Consider this: Although most countries are on a sustainable path, nearly 45 percent of the 136 countries analyzed by the World Bank Group in its annual Little Green Data Book are depleting their "wealth" even as they show growth in annual income. As these countries grow, they are not compensating for depletion of natural resources with the risk that in the long term, growth will decline, as the wealth on which it is based erodes.
What do we mean by "wealth"? Broadly defined, a country’s total wealth includes the stocks of produced capital, natural capital, and human and social capital—all of which underpins the generation of national income. Natural capital in analysis presented in the Little Green Data Book includes minerals and energy, agricultural land, forests and protected areas. Our most commonly used indicator of country economic performance, GDP, only measures income, not wealth or how wealth is changing.
To help countries plan for more sustainable growth, a new indicator change in wealth per capita is now available for more than 200 countries in the World Development Indicators and Little Green Data Book. Change in wealth per capita measures whether countries are saving enough to offset depreciation of manufactured capital and depletion of natural capital while sustaining future economic growth for their (growing) populations.
Negative changes in wealth per capita—particularly over several years—imply that a country is becoming poorer by leaving behind fewer resources for future generations.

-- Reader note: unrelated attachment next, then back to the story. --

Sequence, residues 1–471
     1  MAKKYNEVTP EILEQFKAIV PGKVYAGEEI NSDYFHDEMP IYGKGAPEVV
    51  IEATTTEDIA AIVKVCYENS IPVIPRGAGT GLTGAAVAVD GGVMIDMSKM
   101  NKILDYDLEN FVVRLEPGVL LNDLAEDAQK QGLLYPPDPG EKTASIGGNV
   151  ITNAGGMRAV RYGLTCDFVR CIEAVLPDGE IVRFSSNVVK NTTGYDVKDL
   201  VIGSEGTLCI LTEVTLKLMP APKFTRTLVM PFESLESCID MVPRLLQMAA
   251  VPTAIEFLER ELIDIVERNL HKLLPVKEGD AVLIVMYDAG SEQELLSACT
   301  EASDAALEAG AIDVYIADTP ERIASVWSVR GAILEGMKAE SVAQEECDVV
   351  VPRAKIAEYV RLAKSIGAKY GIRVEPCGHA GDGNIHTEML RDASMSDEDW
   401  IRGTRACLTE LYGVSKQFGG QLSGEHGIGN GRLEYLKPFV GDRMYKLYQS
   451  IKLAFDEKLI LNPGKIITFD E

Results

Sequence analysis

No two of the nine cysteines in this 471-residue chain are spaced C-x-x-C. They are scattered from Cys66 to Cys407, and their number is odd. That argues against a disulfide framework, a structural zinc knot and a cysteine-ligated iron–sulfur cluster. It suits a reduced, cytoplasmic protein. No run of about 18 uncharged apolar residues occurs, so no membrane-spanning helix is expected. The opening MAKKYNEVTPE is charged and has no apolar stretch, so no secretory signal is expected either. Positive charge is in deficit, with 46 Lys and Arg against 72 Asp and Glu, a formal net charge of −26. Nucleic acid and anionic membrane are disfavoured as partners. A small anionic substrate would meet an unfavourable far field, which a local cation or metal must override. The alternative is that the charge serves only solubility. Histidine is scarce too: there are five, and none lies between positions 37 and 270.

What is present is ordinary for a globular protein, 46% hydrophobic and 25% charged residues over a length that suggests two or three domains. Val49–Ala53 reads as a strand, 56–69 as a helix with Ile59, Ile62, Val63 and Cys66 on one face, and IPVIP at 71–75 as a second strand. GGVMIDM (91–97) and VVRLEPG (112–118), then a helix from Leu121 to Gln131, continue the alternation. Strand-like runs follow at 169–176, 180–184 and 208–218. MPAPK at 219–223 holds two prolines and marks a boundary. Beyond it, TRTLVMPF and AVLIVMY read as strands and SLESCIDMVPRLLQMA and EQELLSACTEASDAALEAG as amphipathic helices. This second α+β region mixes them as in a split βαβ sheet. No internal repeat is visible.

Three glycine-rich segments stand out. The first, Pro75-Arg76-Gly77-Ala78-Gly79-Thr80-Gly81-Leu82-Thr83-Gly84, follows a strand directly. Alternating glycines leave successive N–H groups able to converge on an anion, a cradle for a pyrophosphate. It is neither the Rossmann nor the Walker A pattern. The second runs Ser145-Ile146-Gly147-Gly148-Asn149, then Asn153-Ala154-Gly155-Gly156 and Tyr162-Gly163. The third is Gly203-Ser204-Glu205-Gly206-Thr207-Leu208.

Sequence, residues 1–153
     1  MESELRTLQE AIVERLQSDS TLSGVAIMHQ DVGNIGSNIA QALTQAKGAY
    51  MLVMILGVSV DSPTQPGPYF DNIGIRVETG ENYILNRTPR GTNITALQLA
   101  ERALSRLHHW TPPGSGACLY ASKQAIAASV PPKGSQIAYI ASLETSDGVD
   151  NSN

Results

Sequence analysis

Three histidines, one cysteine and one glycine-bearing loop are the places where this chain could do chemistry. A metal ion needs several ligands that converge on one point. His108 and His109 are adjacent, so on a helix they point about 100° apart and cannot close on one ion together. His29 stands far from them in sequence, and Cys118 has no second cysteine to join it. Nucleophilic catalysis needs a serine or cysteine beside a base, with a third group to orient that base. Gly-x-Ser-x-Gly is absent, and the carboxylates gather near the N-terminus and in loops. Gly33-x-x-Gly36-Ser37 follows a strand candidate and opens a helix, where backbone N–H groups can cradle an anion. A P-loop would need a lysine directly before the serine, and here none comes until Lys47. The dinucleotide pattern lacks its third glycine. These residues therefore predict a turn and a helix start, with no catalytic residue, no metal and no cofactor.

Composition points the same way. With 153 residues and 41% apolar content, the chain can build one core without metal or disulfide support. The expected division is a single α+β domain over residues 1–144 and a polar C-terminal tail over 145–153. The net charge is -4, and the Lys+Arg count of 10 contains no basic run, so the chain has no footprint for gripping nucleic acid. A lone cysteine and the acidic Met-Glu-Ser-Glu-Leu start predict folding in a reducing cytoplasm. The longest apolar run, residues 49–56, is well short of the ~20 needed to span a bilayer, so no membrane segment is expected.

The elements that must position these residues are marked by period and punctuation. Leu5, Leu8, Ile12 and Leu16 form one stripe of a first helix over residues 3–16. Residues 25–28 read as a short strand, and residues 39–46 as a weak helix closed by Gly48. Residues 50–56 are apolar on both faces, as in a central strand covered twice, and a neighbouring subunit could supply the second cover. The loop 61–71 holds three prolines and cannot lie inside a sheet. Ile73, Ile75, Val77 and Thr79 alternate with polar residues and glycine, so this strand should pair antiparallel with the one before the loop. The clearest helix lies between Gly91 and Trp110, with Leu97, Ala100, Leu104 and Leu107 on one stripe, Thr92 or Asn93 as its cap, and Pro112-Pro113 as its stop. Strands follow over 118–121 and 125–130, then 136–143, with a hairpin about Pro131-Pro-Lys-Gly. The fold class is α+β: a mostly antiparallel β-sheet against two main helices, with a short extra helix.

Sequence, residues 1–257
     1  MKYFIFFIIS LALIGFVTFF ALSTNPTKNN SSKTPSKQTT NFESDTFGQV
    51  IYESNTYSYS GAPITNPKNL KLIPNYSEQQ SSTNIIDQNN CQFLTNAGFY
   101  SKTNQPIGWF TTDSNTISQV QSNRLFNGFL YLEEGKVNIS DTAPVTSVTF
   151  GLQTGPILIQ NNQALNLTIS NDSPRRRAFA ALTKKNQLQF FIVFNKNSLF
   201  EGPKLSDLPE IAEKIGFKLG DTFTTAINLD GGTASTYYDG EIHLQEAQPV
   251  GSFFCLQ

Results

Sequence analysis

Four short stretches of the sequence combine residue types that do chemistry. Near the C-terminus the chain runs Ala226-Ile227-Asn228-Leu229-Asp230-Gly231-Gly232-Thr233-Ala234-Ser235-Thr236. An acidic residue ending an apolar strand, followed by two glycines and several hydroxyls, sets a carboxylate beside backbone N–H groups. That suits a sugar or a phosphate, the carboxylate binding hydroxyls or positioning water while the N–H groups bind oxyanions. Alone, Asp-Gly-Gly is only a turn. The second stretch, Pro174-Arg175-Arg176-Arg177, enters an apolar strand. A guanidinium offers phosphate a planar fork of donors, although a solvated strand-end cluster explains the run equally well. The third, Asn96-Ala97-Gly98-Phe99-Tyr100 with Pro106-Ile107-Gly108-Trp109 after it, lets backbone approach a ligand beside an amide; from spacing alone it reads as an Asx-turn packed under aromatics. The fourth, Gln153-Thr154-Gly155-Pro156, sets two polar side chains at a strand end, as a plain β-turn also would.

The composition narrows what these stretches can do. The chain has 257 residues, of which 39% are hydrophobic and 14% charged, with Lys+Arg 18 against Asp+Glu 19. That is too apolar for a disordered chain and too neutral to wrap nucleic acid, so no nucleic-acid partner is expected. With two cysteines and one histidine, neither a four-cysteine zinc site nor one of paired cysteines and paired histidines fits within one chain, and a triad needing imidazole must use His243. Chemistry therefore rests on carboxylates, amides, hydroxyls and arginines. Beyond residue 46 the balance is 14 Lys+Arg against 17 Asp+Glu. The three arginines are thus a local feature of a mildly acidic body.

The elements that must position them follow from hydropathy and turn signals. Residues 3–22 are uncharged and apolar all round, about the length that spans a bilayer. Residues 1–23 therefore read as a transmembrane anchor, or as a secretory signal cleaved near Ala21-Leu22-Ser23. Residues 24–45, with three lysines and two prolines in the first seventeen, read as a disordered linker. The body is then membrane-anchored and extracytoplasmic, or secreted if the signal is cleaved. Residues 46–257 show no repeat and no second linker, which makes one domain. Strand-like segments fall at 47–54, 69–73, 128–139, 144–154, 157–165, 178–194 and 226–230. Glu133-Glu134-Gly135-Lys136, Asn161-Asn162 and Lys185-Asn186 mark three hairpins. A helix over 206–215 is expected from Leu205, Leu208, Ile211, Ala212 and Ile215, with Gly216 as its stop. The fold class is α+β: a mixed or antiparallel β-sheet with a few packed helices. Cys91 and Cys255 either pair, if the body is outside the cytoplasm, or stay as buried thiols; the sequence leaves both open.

A new indicator for the World Bank Group
Building on this work, the World Bank Group took a decision to use the concept of Wealth Accounting more widely in its operations. This year, the International Development Association (IDA), the World Bank’s fund for the poorest countries, adopted change in wealth per capita for its Results Measurement System. The Results Measurement System measures progress on more than 20 indicators capturing economic growth as well as the human development priorities of ongoing IDA programs. The World Bank Group’s annual Corporate Scorecard, providing a snapshot of its performance will also include this sustainability indicator. The Systematic Country Diagnostic, a new tool to inform the partnership strategies of World Bank Group client countries, will also build on this wealth accounting framework.
"This measurement will allow both the World Bank and policymakers in our client countries to identify some of the threats to the sustainability of economic growth and poverty before it is too late to reverse the trend," said Juergen Voegele, World Bank Director, Agriculture and Environmental Services.